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Stability and Variability of Identity in Schoolchildren and Students

Journal: Russian Psychological Journal (Vol.15, No. 4)

Publication Date:

Authors : ; ;

Page : 113-141

Keywords : identity; identity stability; identity variability; identity crisis; social identity; identity dynamics; gender identity; schoolchildren; students;

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Introduction. This paper considers identity crisis from the viewpoint of stability and variability of its main components. To that end, an exploratory study has examined a relatively unexplored issue of stability of certain components of identity in schoolchildren and university students when they represent their past and future in self-descriptions. Methods. The study used the following techniques: (a) the Twenty Statements Test by Kuhn and McPartland, (b) Your Lifeline by Kronik, and (c) the Test of Kelly Personal Constructs (a modified version). Results. The study discovered that schoolchildren use educational component of identity in their self-descriptions more often than personal and existential ones. In student respondents, the increase in the level of family identity is typically accompanied by the reduced level of identity related to membership in informal groups and activity component. Gender, educational-professional, family, and personal identity components are prevalent in both schoolchildren and students' subjective representations of their lives. However, schoolchildren demonstrate a greater dynamics of subjective representations of the past. Self-descriptions related to personal identity are the most stable in students, whereas in schoolchildren the most stable are self-descriptions related to the social component. Events related to education, family, and membership in informal groups are stable components of the subjective image of the past and future in schoolchildren and students. Finally, the findings suggest that students have stable constructs related to personality traits, family status, interpersonal relationships, and educational and professional activities. Discussion. The authors compare their findings with the works of Mazilova, Miklyaeva, Rumyantseva, Crocetti, Meeus, and Abdukeram. The paper analyzes and discusses the difference in findings of studies that exercised different conceptual approaches to the identity issue (e.g., a heavy reliance on a three-component model in the western researcher tradition) and were based on different samples with diverse cultural backgrounds.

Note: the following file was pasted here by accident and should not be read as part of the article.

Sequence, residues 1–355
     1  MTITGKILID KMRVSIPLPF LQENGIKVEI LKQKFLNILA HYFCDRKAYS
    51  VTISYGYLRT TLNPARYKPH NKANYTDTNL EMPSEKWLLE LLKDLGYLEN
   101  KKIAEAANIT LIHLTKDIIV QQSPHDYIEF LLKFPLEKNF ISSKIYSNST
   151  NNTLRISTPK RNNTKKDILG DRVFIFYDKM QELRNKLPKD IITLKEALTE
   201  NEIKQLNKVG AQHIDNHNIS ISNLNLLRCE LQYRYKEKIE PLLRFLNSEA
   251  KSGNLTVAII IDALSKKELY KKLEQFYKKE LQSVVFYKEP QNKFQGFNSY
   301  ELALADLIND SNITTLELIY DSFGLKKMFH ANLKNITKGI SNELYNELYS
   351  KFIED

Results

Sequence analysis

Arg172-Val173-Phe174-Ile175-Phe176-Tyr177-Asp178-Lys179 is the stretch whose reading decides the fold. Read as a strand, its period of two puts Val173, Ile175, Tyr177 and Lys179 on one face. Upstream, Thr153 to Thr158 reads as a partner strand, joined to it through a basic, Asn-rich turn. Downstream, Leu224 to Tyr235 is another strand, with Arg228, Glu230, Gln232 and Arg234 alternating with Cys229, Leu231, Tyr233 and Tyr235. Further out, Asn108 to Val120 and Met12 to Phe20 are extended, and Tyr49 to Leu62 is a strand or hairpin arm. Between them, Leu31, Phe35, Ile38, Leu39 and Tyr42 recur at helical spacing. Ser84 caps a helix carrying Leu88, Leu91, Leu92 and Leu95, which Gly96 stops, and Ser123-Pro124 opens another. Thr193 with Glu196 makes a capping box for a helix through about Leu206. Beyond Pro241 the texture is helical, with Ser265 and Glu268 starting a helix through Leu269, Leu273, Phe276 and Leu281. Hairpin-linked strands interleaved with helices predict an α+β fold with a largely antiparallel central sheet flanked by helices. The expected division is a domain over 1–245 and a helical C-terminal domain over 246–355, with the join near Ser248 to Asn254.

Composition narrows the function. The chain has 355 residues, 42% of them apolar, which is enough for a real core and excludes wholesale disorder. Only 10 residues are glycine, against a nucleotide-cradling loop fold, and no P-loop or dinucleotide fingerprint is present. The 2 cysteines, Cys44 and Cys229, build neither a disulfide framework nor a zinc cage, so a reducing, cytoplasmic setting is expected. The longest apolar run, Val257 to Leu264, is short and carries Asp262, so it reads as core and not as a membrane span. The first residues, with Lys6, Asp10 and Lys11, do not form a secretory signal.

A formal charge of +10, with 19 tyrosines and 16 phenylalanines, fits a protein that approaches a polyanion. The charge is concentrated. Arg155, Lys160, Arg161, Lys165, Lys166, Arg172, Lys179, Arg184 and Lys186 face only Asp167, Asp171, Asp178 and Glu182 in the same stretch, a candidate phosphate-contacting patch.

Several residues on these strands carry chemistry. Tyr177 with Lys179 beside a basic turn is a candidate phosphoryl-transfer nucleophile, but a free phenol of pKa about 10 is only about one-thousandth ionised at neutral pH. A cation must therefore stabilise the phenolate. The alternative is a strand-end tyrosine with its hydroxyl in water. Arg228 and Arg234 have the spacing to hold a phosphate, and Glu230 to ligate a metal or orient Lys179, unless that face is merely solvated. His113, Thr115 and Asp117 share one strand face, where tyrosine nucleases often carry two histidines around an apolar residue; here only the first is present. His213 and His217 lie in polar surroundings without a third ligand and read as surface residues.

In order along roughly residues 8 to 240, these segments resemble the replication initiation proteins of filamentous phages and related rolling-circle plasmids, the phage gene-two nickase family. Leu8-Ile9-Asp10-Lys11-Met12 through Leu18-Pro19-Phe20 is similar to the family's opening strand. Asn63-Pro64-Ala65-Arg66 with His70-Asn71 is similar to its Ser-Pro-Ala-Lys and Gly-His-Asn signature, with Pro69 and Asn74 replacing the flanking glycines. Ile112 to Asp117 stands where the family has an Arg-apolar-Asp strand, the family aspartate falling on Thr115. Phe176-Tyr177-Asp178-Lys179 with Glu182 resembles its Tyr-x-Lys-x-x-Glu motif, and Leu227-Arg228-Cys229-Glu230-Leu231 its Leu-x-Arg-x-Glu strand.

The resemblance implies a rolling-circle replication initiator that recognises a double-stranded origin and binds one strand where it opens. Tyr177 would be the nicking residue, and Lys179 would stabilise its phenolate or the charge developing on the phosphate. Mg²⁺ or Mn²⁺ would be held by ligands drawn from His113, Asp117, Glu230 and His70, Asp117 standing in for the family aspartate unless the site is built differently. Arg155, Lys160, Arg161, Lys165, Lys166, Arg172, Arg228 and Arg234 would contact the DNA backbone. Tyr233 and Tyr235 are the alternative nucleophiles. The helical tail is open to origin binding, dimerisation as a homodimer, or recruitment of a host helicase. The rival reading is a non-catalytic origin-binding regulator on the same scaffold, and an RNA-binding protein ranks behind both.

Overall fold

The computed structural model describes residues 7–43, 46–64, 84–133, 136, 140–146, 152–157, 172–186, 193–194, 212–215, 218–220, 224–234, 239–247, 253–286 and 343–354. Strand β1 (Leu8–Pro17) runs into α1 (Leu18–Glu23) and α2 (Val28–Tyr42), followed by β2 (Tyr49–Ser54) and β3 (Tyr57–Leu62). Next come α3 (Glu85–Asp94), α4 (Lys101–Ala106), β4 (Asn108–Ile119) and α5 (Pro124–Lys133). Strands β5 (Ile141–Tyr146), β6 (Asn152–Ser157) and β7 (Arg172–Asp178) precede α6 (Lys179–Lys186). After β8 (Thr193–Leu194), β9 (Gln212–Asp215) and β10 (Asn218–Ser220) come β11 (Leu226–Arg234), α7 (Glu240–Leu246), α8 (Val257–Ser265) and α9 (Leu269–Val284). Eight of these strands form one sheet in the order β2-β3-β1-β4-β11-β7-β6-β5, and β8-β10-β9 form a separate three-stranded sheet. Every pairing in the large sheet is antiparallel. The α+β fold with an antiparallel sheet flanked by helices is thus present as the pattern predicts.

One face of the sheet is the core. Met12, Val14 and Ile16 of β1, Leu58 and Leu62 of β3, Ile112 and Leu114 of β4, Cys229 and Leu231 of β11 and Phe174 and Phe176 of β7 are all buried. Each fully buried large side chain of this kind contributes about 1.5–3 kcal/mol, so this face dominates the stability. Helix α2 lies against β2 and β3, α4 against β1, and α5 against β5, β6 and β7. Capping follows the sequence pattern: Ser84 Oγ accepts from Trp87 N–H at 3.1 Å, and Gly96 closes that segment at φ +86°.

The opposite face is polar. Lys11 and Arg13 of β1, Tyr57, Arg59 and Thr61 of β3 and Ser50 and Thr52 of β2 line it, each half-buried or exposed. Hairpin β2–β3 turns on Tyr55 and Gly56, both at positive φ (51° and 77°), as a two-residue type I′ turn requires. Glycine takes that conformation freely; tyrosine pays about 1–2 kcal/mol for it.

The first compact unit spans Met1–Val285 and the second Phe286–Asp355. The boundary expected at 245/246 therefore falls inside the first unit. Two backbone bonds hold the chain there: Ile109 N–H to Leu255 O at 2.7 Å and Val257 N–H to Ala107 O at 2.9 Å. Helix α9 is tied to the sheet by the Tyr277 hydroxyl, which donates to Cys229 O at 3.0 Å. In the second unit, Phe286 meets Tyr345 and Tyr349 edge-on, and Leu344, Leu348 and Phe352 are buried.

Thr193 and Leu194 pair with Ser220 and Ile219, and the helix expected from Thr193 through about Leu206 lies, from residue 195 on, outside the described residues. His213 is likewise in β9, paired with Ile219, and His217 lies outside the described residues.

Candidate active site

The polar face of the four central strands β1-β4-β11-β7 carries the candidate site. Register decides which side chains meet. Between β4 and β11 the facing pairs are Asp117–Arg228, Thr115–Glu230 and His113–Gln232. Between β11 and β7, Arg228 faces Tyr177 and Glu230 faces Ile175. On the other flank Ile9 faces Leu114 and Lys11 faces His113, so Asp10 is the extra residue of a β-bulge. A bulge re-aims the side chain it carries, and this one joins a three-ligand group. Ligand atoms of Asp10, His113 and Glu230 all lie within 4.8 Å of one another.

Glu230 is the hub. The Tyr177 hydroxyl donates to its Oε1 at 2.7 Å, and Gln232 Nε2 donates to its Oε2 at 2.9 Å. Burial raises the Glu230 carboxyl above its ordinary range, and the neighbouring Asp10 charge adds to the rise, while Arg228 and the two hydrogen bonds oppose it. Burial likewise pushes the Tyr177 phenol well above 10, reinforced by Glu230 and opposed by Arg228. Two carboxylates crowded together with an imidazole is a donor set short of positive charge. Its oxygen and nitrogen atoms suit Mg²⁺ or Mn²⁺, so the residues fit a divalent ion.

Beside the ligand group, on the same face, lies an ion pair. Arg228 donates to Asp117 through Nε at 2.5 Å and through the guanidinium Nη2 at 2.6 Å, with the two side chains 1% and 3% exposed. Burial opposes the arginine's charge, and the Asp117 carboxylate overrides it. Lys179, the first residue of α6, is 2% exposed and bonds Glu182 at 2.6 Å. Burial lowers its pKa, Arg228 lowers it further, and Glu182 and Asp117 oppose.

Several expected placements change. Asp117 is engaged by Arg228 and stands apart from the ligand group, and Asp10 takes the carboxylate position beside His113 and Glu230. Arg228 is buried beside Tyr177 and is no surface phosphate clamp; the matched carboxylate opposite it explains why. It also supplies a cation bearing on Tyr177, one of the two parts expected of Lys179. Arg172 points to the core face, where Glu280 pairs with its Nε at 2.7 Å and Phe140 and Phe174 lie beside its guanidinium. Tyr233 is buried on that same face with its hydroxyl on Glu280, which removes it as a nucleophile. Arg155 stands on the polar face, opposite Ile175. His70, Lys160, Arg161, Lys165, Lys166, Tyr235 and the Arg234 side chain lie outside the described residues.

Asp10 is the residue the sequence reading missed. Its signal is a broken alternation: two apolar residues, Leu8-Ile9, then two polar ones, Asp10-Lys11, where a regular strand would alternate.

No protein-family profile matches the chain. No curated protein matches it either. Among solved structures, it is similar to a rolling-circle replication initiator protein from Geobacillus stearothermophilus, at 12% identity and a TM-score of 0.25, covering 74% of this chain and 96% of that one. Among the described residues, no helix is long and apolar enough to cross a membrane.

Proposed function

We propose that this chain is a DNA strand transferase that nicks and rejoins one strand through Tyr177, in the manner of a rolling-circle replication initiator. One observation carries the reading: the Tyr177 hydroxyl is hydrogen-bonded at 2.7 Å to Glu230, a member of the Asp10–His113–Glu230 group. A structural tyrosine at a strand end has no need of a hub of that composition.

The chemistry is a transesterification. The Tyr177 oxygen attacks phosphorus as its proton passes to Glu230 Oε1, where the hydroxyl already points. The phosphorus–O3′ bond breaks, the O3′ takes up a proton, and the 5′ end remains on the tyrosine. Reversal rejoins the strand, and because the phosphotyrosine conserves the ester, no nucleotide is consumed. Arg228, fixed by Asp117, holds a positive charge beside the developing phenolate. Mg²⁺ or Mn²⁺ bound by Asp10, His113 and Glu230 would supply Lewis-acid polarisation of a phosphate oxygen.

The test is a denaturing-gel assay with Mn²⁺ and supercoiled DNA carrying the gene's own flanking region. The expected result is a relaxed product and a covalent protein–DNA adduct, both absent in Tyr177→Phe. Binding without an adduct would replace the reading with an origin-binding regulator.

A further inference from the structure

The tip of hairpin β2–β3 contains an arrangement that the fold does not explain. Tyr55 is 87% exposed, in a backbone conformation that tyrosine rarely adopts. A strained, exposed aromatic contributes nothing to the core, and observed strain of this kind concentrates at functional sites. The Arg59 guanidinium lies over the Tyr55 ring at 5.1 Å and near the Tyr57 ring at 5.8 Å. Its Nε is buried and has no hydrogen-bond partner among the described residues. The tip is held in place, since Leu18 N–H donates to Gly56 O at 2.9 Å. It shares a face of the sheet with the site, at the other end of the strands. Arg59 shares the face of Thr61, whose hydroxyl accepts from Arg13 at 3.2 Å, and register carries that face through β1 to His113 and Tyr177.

Last modified: 2019-10-09 02:13:23